Minneapolis – A dominating, balanced effort by the Minnesota Lynx propelled them past the Los Angeles Sparks, 85-76, Wednesday for their fourth WNBA Championship.
The Lynx have now tied the Houston Comets for most titles, after dominating the Sparks on the boards, 46-29.
Regular-season Most Valuable Player Sylvia Fowles was named the Finals MVP after a 17-point, 20-rebound performance for Minnesota that saw her eclipse her own rebounding record. Maya Moore also had a double-double, with 18 points and 10 rebounds, and the team’s other three starters – Lindsay Whalen, Seimone Augustus and Rebekkah Brunson – also scored in double figures with 17, 14 and 13 points, respectively.
The Lynx had a 79-67 lead with 90 seconds to go, when Jantel Lavender scored for the Sparks. Riquna Williams made a pair of free throws and Odyssey Sims stole the ball twice for layups, which pulled them to 79-76 with 35 seconds to go. But Moore made a bucket and Fowles rebounded a missed shot from Sims to secure the win.
It was the second consecutive Finals series that featured the two teams, in almost a replica of last year’s games, with Los Angeles taking Games 1 and 3 and Minnesota winning the second and fourth games. This year, however, it was the Lynx, with the oldest team in the league, that mustered the fire in Game 5 to down a team that was even better than the one that took last year’s trophy.
Fowles said she was motivated by her own lack of rebounding in last year’s fifth game.
“If I didn’t do anything else, I just wanted to make it my business to make sure I just go out there and rebound, as that was my downfall last year,” Fowles said. “Like I said, I fell on the court, and that haunted me for a long time after Game 5 last year. I just wanted to come in and I wanted to show my presence, and if that was rebounding, then rebounding it was.”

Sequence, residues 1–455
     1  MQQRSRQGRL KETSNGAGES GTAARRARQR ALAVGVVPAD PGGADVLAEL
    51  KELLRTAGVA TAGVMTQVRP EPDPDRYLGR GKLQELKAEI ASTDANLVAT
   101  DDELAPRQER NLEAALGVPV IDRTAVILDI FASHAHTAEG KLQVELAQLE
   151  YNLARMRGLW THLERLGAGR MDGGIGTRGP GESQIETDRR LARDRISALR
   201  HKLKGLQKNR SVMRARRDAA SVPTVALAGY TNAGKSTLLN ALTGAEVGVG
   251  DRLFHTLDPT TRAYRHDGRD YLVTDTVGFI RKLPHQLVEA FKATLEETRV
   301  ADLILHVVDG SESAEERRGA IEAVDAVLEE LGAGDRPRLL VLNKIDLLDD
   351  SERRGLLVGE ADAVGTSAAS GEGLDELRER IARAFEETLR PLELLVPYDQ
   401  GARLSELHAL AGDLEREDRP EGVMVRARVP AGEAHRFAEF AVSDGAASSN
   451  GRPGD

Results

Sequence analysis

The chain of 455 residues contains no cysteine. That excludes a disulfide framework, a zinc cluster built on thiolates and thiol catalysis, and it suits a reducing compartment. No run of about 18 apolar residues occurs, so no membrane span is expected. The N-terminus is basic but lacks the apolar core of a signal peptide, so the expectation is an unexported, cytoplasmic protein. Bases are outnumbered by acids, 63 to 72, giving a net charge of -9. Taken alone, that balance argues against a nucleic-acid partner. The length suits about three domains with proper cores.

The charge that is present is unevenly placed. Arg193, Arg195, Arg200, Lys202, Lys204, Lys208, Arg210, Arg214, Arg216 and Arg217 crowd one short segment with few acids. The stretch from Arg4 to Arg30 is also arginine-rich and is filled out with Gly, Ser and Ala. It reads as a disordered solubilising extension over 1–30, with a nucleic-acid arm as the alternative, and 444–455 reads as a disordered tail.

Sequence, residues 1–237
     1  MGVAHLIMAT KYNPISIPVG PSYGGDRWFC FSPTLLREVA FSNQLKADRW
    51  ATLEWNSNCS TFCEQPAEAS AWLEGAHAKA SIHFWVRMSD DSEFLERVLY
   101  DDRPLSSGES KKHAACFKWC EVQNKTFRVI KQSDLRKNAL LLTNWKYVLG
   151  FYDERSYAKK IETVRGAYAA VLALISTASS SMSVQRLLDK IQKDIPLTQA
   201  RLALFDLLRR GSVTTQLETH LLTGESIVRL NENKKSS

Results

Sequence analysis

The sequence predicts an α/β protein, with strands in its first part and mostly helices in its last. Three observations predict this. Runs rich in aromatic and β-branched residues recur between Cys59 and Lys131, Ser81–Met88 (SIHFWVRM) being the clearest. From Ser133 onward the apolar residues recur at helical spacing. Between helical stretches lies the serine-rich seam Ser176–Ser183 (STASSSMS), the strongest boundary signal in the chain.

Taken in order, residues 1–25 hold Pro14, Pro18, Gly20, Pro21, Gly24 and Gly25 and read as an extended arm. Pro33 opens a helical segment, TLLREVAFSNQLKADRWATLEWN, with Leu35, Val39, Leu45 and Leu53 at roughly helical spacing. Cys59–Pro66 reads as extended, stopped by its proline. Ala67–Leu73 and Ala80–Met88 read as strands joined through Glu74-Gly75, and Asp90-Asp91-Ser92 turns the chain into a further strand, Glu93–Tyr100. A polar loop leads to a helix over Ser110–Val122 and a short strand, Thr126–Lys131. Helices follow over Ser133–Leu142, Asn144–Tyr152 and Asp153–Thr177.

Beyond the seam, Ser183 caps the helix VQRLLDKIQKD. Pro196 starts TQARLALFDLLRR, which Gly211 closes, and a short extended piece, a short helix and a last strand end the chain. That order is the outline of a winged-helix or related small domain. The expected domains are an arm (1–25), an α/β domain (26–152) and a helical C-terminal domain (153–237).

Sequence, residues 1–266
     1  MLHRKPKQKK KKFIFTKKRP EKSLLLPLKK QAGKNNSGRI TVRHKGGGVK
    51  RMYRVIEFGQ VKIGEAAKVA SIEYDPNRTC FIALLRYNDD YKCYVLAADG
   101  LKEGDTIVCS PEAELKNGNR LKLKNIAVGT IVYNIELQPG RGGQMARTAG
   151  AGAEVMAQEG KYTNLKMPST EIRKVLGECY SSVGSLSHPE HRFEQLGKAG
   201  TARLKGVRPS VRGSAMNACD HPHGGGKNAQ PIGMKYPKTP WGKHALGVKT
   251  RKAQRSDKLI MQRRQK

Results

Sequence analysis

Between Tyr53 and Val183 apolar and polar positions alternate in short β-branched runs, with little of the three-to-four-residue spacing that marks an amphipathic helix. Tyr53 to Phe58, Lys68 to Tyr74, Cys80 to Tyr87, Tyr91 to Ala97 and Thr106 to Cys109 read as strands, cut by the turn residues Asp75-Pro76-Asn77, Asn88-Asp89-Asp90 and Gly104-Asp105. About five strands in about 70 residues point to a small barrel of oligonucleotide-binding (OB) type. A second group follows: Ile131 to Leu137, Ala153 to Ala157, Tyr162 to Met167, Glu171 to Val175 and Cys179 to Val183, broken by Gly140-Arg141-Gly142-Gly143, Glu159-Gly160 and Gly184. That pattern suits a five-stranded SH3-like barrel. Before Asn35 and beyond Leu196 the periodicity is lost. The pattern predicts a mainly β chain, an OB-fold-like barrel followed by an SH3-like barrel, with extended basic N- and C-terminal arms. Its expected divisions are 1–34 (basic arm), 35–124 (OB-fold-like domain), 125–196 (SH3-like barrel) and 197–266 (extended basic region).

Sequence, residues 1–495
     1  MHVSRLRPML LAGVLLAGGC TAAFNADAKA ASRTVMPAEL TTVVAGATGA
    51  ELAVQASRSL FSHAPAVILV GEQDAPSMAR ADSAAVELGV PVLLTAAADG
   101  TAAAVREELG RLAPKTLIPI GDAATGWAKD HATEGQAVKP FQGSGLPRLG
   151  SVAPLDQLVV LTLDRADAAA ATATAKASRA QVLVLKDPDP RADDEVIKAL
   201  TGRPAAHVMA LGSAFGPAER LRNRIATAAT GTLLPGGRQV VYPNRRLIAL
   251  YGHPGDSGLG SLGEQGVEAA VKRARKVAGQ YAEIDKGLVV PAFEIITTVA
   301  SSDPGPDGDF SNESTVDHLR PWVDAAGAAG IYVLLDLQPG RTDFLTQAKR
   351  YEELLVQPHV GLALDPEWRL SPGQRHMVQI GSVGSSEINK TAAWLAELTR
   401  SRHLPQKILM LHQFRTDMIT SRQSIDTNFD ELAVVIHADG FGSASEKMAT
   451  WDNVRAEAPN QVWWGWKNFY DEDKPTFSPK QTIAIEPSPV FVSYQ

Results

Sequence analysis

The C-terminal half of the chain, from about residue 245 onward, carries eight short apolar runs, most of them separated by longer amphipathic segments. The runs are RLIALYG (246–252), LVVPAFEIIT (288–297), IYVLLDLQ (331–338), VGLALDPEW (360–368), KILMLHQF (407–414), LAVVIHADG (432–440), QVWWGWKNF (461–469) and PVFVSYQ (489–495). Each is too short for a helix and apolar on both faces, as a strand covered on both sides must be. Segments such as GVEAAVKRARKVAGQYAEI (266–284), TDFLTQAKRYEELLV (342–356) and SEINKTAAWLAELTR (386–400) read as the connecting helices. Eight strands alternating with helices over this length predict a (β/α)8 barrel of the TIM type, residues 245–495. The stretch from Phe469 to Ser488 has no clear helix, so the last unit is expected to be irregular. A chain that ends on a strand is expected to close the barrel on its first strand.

Coach Cheryl Reeve said it was especially meaningful to win the title at home, in front of a sold out crowd of over 14,000.
“You know, I mean, it’s just a little bit surreal right now,” Reeve said. “I’m happy we won at home for our fans. Our fans were unbelievable.”
Candace Parker led Los Angeles with 19 points and 15 rebounds, while Chelsea Gray had 15 and Odyssey Sims, 14. Nneka Ogwumike scored 11 points before fouling out in the fourth quarter. It was the second straight game where the Sparks tried to catch up after falling behind early.
Sparks coach Brian Agler credited his team’s persistence, but said he “isn’t one to make excuses.”
“I think, with 20-some seconds left, we’re down three. That’s a credit to our team, to fight hard, to put ourselves in position,” Agler said. “We made some really good plays and finished and couldn’t get over the hump.”
Parker said that while losing Ogwumike was hard on the team, it was the rebounding differential that cost them the game.
“Obviously it hurt not having her in the game, but (the lack of rebounding) hurt, honestly,” Parker said. “Our start wasn’t as up-to-par as we wanted it to be, but we cut the lead and we got back in the game, and a couple calls didn’t go our way.”
Players from both teams said this was the most evenly-matched series they’d played in. Going into Game 5, each team had tallied 908 points over the last 12 games against each other.
Brunson has now won five WNBA Championships – four with Minnesota and one with the Sacramento Monarchs in 2005.
Fowles became the fourth player in league history to win both a regular-season MVP and Finals MVP award in the same year. She is the seventh player in league history to win both MVP and a title in the same season.